As the COVID-19 virus runs amok are government agencies going overboard?

By JIM MATTHEWS

www.OutdoorNewsService.com

Did I miss the memo? Are we living under some sort of undeclared, quasi martial law?

Please don’t misunderstand me. This is a potentially deadly disease and we should all take seriously the precautions that have been recommended by our medical, scientific, and government officials. Until a few weeks ago, most of us had never heard of the term social distancing; but today most people with an IQ higher than a hubcap are following all the precautions. I wash my hands so much I’ve had to start using hand cream to keep them from cracking and hurting. Some people live in dread of going to the store and buying groceries.

But does COVID-19 really warrant the incredible government intrusions that have taken place across the country. The actions are telling us that government officials believe we are too stupid to self-regulate our behavior. So they are trying to force public safety by mandating business closures, sweeping restrictions on personal activity, and many things are just plain stupid.

Nowhere is the stupid more apparent than in what agencies involved with natural resources are implementing.

Just this week, our California Department of Fish and Wildlife announced that it was going to continue stocking trout, but it was suspending it stocking website which provides the public information where the stockings were going to take place. What?

Maybe this is just in the spirit of Easter. Trout fishing will be like hunting eggs. It’s simply a bad idea on a number of fronts. Tthe DFW’s data shows that if those trout aren’t caught within a week of when they are planted, they are never caught. This is the equivalent of saying we are going to dump them in a ditch somewhere, assuring that their intended use – being caught and eaten by anglers – is not fulfilled. It is a waste of time and money.

The rationale is that anglers are too stupid to keep a safe distance apart when fishing at locations where trout are planted. Not telling people where they are planting will reduce those crowds. That is the DFW rationale. It doesn’t hold water or make any sense.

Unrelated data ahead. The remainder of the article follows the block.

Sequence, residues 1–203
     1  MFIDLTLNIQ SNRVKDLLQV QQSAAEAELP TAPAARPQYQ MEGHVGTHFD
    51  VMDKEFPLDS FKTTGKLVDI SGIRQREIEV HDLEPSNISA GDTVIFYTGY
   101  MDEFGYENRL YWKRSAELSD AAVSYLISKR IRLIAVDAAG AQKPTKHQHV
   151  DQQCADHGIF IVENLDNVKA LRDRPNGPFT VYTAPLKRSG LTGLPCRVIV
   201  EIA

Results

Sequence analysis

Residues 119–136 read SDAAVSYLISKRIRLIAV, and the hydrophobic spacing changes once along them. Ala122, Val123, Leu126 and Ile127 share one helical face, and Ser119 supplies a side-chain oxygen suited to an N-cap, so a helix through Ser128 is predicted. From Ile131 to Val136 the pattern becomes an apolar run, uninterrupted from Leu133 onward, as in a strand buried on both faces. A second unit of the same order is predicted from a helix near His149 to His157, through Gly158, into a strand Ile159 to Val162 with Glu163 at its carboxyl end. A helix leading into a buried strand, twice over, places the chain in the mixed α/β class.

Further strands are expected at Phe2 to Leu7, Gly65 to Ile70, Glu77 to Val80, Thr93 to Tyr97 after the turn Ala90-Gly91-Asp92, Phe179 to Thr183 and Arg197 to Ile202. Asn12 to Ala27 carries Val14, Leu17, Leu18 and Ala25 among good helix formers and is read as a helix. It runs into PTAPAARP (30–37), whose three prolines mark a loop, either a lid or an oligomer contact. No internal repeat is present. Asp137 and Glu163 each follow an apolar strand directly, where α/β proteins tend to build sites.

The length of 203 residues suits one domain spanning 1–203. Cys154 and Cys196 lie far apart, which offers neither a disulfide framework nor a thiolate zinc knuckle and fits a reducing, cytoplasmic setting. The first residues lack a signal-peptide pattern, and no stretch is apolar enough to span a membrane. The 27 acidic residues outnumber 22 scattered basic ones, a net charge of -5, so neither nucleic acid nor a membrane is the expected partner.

The DFW doesn’t tell the day of the week when waters are planted, just the week of the plant. In this era of social media, most anglers will still find out when and where plants are made quickly by word or photo post. The DFW decision is just a brain dead, knee-jerk reaction with no rational motive that further degrades the DFW’s public service element.

The agency should be touting the health benefits of getting outdoors and safe social distancing during the pandemic. They should be telling people to go fishing and wildlife watching and give lists of places they can go while off work or with the kids out of school.

In the same knee-jerk vein, the California Parks Department closed many popular locations completely this week, including the California Poppy Reserve. Really? I don’t care how crowded it may have seemed, it was certainly a far safer place to be than a COSTO store buying toilet paper. Parks also closed all road access into and through to all other state parks. It closed all parking areas and campgrounds. The spacious parking lots and beaches at Lake Silverwood, which has NOT been busy, and Lake Perris are now closed.

The rationale is that too many people were congregating. Really? How many times have you seen anglers closer than six feet apart? Is it wrong for a family living in the same house to now go to a park and share a blanket and have a picnic and toss a baseball around? Tell people all facilities are closed (go to the bathroom at home before you go!). But, nooooo. We are managing to the lowest common denominator because you and I are too stupid to safe distance. (I have spoken to more than one park superintendent who thinks the rule is absolutely insane.)